A large cluster of events was located during stage 9 of the Codell well and, in addition to clustering near the wellbore, the events exhibited considerably higher, apparent stress than most other events in the well. Apparent stress describes the amount of stress or energy released during rock failure and may indicate the ease with which the rock formation breaks or fails. In areas with pre-existing planes of weakness, such as faulting, where the rock will more readily fracture, and higher apparent stress may be observed. Since fault activation generally is associated with larger apparent stress, the cluster of events was interpreted to be caused by faulting near the wellbore. The orientation of the suspected fault, associated with events during stage 9, aligned with events detected during stage 7 in the Niobrara well. For the Niobrara well, a number of event clusters appeared to correspond to changes in gamma and resistivity measurements. Evaluation of apparent stress reveals that high energy release during a number of the later stages in the well likely corresponds with fault activation.

Moreover, ESG said that evidence strongly suggested that fluid communication developed between the Codell and overlying Niobrara wells. A shallow westward growth pattern was observed during the stimulation of the Niobrara well, while the Codell well appeared to re-stimulate the same area, with events growing in an eastward direction. In addition, pressure within the Niobrara well was observed to increase during the treatment of the later stages of the underlying Codell well, in particular during stages 18 and 19. Following the stage 19 stimulation of the Codell well, a large-magnitude event was detected during pump shutdown at the toe of the Niobrara well, suggesting stress relief through the wellbore. ESG concluded that re-stimulation of a previously stimulated zone reduced the effectiveness of the Codell frac treatment.


Two horizontal wells illustrating the horizantal transverse isotrophy (HTI) roductivity correlation to anisotropy anomaly maps. Source: Global Geophysical Services.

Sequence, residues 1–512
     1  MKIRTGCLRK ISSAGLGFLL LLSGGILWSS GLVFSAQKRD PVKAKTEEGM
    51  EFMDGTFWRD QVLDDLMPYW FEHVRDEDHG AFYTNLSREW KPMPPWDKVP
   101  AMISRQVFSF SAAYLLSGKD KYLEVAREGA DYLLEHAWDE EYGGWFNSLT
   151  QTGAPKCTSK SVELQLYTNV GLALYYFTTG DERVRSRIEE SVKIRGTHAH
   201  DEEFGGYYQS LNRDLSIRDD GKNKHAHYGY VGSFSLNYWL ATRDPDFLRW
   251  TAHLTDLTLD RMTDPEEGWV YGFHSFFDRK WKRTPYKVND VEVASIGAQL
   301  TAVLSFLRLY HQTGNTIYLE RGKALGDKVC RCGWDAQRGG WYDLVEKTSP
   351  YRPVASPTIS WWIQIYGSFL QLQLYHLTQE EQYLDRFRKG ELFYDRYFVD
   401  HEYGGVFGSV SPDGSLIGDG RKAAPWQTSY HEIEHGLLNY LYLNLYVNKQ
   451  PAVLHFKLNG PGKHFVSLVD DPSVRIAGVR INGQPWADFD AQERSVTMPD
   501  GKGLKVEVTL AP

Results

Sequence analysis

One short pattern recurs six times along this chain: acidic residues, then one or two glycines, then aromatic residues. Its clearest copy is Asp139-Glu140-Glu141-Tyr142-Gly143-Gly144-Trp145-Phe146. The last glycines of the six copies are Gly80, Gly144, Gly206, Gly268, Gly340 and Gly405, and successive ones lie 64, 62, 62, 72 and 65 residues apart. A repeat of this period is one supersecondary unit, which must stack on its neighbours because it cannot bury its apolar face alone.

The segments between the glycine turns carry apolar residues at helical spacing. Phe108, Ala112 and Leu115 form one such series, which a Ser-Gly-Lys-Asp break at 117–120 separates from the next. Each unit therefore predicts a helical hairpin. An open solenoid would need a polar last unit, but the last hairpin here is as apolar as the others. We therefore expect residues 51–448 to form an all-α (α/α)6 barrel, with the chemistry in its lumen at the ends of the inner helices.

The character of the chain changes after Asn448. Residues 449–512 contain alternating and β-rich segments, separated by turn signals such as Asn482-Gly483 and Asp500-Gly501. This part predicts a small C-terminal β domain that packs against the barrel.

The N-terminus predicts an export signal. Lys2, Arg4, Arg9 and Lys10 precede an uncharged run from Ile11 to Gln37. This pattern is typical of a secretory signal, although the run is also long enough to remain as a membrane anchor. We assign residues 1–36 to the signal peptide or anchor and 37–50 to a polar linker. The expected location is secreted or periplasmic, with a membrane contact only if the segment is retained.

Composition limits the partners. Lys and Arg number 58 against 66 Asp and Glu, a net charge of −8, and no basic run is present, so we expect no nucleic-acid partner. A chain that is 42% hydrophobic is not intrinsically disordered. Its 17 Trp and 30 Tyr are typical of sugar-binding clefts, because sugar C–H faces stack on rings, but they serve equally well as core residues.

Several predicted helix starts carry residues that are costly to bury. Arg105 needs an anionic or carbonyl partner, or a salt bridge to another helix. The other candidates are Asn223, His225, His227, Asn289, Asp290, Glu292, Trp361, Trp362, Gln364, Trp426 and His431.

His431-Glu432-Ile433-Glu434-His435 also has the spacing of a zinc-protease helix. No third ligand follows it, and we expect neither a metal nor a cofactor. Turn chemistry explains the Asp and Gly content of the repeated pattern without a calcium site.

Fig. 3. Two horizontal wells illustrating the horizantal transverse isotrophy (HTI) productivity correlation to anisotropy anomaly maps. Source: Global Geophysical Services.

Meanwhile, Global Geophysical presented an overview at last month’s Unconventional Resources Technology Conference in Denver, of how it has effectively used azimuthal anisotropy observed in surface seismic velocities to predict fracture density and orientation in the Niobrara. Last year, Global completed a multi-client, full-azimuth 3D seismic survey encompassing some 800 sq mi in Silo field of southeastern Wyoming. The survey was orchestrated to serve as the basis for a regional structural interpretation and azimuthal velocity analysis of the Silo segment of the Niobrara, Fig. 3. According to Global, the 3D survey integrated seismically-derived rock attributes, well and production data, as well as regional structural interpretation to better understand the Niobrara’s natural fracturing and to reduce drilling risk.  wo-box_blue.gif

TOPICS: Business/Economy
KEYWORDS: niobrara; shaleoil; silofield; wattenbergfield

1 posted on 11/21/2013 11:03:34 PM PST by ckilmer
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To: thackney

Judging by this, it looks like the niobrara wattenberg formation will produce about 157,000 barrels a day in 2013 or roughly the same as last year.

But I could be wrong about that. I may have conflated the wattenberg formation with all of colorado. Because it would make more sense that production would have increased—except that it looks like drilling is down. ,,, because only a couple of the independents mastered the formation.

What do you gather from this article.

A side note on this is that the complexity of the wattenberg formation ie —the complex fracture zones— suggests that mere complexity will not prevent the oil men from cracking the code in the Monterrey formation in California.

2 posted on 11/21/2013 11:10:48 PM PST by ckilmer
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To: ckilmer

I may have conflated the wattenberg formation with all of colorado.

I think so.

3 posted on 11/22/2013 5:19:07 AM PST by thackney (life is fragile, handle with prayer)
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To: thackney

here’s oklahoma oil production.

both oklahoma and colorado oil production are going straight up. Oklahoma has has put on about an extra 95,000 barrels@day and Colorado has put on about an extra 45,000 barrels@ day in the last year

between them—they’ve added about 140,000 barrels@ day of production in the last year.

new mexico oil production is also rising fast but from a low base.

utah and wyoming oil production are also rising but from low bases as well and not as fast.

I didn’t look carefully but new mexico utah and wyoming between them might add another 15,000 barrels@ day of production in the last year.

4 posted on 11/22/2013 10:42:42 AM PST by ckilmer